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Geocaching in all seasons: Tips for the all-weather cacher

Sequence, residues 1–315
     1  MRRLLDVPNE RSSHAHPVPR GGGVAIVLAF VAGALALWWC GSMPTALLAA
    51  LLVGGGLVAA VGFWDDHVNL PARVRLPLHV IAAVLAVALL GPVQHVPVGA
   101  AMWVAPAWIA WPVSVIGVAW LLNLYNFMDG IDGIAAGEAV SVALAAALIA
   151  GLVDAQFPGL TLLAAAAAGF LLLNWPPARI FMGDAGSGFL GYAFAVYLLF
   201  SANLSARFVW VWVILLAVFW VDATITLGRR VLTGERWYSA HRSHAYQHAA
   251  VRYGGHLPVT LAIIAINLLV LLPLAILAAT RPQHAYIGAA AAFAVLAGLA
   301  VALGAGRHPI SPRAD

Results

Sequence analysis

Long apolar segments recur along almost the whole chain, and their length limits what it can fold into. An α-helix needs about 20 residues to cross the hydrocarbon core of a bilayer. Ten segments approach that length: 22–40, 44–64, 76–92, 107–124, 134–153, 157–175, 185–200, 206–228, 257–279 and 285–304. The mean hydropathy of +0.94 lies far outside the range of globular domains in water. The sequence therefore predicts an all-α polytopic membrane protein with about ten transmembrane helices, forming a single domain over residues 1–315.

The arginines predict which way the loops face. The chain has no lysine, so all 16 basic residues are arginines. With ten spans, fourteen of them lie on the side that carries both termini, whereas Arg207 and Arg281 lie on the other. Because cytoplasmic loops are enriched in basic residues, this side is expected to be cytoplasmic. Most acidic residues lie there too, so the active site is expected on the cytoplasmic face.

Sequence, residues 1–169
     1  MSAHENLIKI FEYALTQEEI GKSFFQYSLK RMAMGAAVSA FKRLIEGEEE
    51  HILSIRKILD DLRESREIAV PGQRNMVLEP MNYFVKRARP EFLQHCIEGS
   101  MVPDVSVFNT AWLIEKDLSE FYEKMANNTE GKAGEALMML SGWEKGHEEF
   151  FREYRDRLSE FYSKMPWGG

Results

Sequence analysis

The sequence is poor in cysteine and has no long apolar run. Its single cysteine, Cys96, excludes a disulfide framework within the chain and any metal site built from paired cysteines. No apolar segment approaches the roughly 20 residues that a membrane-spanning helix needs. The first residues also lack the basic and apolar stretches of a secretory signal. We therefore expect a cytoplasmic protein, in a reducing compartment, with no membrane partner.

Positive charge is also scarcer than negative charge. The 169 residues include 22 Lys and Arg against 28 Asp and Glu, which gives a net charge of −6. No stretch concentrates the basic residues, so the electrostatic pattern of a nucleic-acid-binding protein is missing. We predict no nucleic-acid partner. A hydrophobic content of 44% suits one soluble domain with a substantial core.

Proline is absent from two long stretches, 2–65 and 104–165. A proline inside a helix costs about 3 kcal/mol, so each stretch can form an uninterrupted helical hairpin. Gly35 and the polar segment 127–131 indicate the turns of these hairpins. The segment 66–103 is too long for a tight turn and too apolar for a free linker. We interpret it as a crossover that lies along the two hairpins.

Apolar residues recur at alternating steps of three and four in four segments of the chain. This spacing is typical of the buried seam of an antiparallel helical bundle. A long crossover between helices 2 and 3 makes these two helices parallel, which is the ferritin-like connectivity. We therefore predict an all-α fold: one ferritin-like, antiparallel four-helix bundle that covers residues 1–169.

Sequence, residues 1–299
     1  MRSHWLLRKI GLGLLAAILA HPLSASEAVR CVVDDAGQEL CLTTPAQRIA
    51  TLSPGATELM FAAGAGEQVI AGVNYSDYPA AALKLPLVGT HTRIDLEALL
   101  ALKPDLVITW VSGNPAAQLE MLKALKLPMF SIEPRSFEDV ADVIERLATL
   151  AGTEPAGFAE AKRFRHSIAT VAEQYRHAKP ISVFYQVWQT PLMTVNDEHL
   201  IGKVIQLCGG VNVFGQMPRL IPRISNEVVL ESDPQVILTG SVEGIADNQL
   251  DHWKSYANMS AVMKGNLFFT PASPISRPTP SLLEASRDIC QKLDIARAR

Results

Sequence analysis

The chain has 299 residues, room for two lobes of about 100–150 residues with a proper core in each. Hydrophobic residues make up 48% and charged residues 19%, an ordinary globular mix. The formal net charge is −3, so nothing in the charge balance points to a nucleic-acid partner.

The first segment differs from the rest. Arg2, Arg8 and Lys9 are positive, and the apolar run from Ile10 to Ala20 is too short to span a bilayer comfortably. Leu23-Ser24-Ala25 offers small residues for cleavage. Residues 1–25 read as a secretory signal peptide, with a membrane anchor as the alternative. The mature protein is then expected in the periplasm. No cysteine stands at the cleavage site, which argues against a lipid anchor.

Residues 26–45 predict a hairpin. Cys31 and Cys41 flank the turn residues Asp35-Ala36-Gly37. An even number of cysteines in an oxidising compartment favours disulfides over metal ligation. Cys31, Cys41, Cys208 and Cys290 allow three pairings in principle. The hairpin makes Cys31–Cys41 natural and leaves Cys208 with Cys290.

first_imgCold weatherBring hand warmers. Looking inside tree stumps, under benches, and everywhere in between can mean some time without gloves on. Bring hand warmers along and stay warm and ready for the next cache.Have a warm beverage on hand. Make sure you have a thermos to keep your drink nice and toasty!Solve Mystery Caches. If the temperature is in the negatives, it might be too cold to search for caches outside. Instead, sit by the fireplace and solve some tough Mystery Caches. You’ll have a whole new set of caches to find when the weather warms up. Extreme weather shouldn’t stop you from adding more smileys to your map. This year, earn two new souvenirs by finding a cache or attending an event on December 31 and January 1! What are your extreme weather caching suggestions? Let us know in the comments below!Share with your Friends:More Hot weatherBring plenty of water. Geocaching can be hard work, so stay hydrated for the day. What you thought would be an easy find could take much longer than anticipated.Go for some paddle caches. Hot weather is the perfect time to complete your Fizzy Grid and find caches near the water. Grab or rent a canoe, kayak, boat, or inner tube and just keep swimming.Hide your own cache. Walk around your neighborhood, scope out places that could use a geocache, then head inside and start planning! Snowy weatherBring adequate TOTT (Tools of the Trade). Pens can freeze in extremely cold weather, so bring a pencil to assure that you can sign the log and earn your smiley. Shovels may also come in handy in case you need to clear snow from the ground to expand your search.Get creative with your transportation. Strap on snowshoes, cross country skis, or borrow a snowmobile and travel from geocache to geocache in style. If you’re a Premium Member, run a Pocket Query for geocaching attributes. There are attributes for caches available during winter, accessible by snowmobile, and more!Make a geocaching Bucket List. If the snow is piling up outside, stay inside and plan your next geocaching outing. Search the map for your dream geocaches—maybe they’re in a great location, have a rare D/T ratio, require special tools, or are amazingly creative hides. Compile them into a List so you can find them when the snow melts. SharePrint Related5 reasons to keep geocaching as the seasons changeOctober 9, 2018In “Geocaching Weekly Newsletter”How to host the best New Year’s event for Last/FirstNovember 28, 2017In “Community”The 10 coolest winter geocaching tipsJanuary 27, 2015In “Community” Don’t let the weather stop you from starting 2018 on the best note with geocaching! This year, we’re raising the stakes: find a cache or attend an event on December 31 and January 1 to earn the Last Cache of 2017 and First Cache of 2018 souvenirs. We’ve compiled a list of suggestions to help you up your find count and expand your souvenir inventory, no matter the season. Rainy weatherBring extra logbooks. No one likes a wet, mushy logbook. If you come across any, add a new, dry logbook to the cache. Future cachers (and the cache owner) will thank you!Have an umbrella handy. Protect yourself from the rain while you’re searching for the cache, and protect the logbook from water while you’re signing it.Wear rain boots. You never know where the coordinates could lead you, so wear proper footwear in case you need to walk along a muddy path to get to the cache!last_img

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